Here, Lieberman’s rig comprised Coemar Infinity Spot and Wash XL units, in order to bring a nightclub feel to the room, as well as a wall with additional Sharpys and Clay Paky Alpha Beam 1500s. He also had Martin Professional MAC 101s, as he says, “just everywhere, because these shows run so long that I like to have as many types of moving lights as possible to vary the looks as much as possible.” AG Light and Sound also supplied the beehive tent’s stage decks and rigging. Ray Steinman was production manager, about whom Lieberman says, “I couldn’t have done any of this.”
Other vendors included Paradigm Productions for the lighting and Global Trend Productions for the video for the amphitheatre, as well as Felix Lighting and Large Screen Video for a fourth stage, with Lieberman again varying the types of fixtures used on each stage. “Electronic music can get really repetitive if you don’t come with a bag of tricks,” he says. “It’s just 4/4 time all day long, so the operator has to balance out a show and have elements to build upon—add, delete, build, break, do it again. All the various fixture types help us layer and tell a story as the day goes on, like the music; build it up and break it down, and then start all over again.”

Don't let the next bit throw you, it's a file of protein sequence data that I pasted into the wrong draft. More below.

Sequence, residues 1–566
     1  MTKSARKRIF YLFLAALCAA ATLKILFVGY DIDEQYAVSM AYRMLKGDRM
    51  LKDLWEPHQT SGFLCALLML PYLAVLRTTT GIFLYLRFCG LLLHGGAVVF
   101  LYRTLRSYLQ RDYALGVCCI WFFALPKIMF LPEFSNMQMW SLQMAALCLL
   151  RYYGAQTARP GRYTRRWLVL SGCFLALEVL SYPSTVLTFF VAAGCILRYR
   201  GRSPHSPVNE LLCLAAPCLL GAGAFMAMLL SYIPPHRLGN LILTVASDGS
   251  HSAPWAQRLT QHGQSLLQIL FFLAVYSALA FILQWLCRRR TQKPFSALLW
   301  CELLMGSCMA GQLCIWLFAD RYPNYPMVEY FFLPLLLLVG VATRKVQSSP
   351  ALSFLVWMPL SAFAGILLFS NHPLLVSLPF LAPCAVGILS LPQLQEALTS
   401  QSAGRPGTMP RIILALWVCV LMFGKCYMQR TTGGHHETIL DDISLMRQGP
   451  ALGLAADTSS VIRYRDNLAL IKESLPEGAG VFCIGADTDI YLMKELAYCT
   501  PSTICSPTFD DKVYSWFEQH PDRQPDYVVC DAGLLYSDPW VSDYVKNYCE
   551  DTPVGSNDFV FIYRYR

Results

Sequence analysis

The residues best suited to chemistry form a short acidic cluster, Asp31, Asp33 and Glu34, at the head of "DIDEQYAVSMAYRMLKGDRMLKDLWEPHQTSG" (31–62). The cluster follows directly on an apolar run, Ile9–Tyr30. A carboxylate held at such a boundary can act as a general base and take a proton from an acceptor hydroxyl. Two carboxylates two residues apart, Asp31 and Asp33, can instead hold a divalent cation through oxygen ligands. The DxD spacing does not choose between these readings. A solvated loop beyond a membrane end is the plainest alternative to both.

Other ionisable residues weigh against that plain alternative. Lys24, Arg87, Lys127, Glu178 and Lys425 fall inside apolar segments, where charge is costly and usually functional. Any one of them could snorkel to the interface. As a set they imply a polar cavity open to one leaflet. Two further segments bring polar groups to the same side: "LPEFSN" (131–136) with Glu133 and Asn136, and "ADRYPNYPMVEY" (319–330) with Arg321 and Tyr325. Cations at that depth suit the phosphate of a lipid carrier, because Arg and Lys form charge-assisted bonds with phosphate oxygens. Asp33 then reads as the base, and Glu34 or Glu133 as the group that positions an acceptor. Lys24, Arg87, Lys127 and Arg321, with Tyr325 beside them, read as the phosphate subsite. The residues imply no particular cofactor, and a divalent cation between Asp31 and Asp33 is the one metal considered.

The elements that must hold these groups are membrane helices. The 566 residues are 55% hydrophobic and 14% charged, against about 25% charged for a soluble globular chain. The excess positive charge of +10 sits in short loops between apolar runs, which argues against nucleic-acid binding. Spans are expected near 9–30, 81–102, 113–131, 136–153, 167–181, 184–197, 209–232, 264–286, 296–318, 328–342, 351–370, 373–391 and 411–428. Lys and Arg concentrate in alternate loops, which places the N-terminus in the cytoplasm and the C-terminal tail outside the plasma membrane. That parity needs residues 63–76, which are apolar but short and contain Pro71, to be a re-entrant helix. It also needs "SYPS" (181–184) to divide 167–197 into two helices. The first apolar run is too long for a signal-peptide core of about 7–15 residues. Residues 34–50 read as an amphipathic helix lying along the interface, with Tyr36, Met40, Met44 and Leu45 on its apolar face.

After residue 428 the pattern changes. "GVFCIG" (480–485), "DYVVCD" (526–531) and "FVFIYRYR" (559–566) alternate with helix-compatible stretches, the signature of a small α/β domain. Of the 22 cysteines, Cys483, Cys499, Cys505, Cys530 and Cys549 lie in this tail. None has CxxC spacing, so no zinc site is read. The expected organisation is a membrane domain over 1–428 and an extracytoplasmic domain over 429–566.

Lieberman started all over again just a few weeks later at the Electric Daisy Carnival, another electronic music festival he designs annually, held first in New York, then in Las Vegas.